Diagnosing domoic acid toxicosis in the California sea lion (Zalophus californianus) using behavioral criteria: A novel approach

Christiana Wittmaack, Garet P. Lahvis, Edward O. Keith, Caryn Self-Sullivan
  • Zoo Biology, May 2015, Wiley
  • DOI: 10.1002/zoo.21217

What is it about?

Domoic acid toxicosis can be challenging to diagnose in stranded California sea lions as rescue often occurs after the toxin has cleared the circulatory, urinary, and gastrointestinal systems. Here we present methodology, using abnormal behavioral cues, as an effective and accurate diagnostic protocol that is practical for use in rehabilitation environments.

Why is it important?

Four abnormal behaviors, head weaving, muscle fasciculations, dragging the hind flippers, and swift scanning can be indicators of domoic acid toxicosis assuming environmental and timed/behavior type assumptions and requirements are met. Diagnosis can be made within 10-15 minutes. The protocol presented is both timely and cost efficient.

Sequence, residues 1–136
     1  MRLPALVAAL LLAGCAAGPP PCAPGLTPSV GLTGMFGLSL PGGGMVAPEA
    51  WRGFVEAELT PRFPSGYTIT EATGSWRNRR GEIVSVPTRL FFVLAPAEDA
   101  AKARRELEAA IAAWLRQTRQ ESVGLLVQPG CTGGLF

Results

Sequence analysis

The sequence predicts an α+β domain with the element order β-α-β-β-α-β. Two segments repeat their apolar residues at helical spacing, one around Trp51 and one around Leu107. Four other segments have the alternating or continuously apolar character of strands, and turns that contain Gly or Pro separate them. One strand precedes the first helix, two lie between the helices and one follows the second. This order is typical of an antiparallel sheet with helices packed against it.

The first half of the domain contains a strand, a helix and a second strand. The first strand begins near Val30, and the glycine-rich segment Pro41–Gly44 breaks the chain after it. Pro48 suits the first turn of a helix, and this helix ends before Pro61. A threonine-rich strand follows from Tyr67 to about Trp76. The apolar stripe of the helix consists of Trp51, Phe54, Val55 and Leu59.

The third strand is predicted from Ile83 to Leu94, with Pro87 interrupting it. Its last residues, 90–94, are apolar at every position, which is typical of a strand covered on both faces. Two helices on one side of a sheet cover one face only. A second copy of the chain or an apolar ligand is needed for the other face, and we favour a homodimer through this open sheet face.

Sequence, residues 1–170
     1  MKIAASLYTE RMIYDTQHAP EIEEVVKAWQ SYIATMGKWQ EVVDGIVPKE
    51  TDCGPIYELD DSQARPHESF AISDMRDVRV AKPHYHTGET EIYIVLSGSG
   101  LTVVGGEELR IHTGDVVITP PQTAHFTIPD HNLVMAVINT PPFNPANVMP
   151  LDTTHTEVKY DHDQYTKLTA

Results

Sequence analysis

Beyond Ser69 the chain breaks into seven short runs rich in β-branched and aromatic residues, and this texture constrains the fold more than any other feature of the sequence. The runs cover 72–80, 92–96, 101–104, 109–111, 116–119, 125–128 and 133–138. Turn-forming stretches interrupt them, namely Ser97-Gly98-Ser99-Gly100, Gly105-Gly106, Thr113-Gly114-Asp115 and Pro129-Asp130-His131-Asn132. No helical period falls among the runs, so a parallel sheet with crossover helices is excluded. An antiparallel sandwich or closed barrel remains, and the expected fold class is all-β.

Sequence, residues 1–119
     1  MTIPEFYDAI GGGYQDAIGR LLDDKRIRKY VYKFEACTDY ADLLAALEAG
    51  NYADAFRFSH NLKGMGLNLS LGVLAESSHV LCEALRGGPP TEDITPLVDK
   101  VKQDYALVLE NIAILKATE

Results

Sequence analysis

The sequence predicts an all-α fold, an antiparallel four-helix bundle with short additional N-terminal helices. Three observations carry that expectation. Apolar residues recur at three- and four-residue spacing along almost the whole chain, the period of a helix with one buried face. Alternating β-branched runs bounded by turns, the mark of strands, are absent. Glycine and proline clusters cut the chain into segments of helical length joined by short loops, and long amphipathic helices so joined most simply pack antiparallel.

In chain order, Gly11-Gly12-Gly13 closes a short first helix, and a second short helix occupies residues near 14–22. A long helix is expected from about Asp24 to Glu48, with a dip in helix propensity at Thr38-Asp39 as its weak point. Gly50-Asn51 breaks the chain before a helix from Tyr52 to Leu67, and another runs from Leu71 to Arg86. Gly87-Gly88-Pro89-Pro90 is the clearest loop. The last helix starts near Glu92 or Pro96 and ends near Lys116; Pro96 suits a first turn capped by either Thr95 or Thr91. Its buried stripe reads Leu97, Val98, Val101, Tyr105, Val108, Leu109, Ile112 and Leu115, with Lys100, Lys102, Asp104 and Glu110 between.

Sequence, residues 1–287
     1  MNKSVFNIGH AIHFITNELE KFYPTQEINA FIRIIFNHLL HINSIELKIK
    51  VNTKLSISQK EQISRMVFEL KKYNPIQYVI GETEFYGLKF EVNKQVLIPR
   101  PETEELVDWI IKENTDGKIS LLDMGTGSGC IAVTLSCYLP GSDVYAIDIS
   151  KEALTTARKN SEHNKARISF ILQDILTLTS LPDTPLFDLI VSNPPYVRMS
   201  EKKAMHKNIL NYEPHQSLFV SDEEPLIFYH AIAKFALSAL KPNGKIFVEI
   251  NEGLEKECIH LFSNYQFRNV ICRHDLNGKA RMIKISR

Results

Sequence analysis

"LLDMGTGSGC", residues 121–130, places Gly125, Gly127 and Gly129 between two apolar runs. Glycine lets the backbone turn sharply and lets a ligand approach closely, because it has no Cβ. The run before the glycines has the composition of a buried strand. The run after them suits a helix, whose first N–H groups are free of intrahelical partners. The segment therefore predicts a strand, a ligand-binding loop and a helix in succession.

Perspectives

Miss Christiana Skye Wittmaack
Texas Tech University

Here we present methodology that will allow veterinarians to diagnosis domoic acid toxicosis with confidence even after domoic acid is not detectable from patient samples. Many veterinarians turn to the process of elimination when diagnosing domoic acid toxicosis in the California sea lion when domoic acid is no longer detectable. Our research targets this issue and provides an effective alternative.

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http://dx.doi.org/10.1002/zoo.21217

The following have contributed to this page: Miss Christiana Skye Wittmaack